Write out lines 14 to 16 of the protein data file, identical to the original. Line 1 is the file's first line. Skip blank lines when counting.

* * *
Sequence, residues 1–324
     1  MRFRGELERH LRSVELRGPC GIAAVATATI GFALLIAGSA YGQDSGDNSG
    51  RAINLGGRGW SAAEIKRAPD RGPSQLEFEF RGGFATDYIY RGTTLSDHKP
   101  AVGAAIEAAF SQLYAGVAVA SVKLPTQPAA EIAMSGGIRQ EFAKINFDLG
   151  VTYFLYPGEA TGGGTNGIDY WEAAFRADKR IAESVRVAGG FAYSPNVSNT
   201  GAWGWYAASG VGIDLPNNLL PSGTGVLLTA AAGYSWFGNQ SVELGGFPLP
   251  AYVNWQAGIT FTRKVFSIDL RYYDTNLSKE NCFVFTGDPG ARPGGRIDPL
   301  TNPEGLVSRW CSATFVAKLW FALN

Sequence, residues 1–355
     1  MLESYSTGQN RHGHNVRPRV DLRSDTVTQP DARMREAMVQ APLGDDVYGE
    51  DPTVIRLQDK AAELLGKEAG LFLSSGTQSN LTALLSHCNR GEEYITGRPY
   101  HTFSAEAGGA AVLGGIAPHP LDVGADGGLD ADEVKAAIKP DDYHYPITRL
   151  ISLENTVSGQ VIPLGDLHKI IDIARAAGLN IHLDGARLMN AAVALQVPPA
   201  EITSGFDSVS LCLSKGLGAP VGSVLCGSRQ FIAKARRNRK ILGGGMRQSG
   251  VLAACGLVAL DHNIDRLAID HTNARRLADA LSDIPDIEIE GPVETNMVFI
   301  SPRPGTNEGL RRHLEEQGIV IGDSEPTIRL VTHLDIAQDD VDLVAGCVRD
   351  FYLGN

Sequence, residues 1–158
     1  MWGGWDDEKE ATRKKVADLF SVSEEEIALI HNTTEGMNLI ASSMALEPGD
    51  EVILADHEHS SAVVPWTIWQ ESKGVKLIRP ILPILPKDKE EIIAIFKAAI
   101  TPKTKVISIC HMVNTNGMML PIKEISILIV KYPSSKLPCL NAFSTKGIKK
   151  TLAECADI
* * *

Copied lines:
   201  EITSGFDSVS LCLSKGLGAP VGSVLCGSRQ FIAKARRNRK ILGGGMRQSG
   251  VLAACGLVAL DHNIDRLAID HTNARRLADA LSDIPDIEIE GPVETNMVFI
   301  SPRPGTNEGL RRHLEEQGIV IGDSEPTIRL VTHLDIAQDD VDLVAGCVRD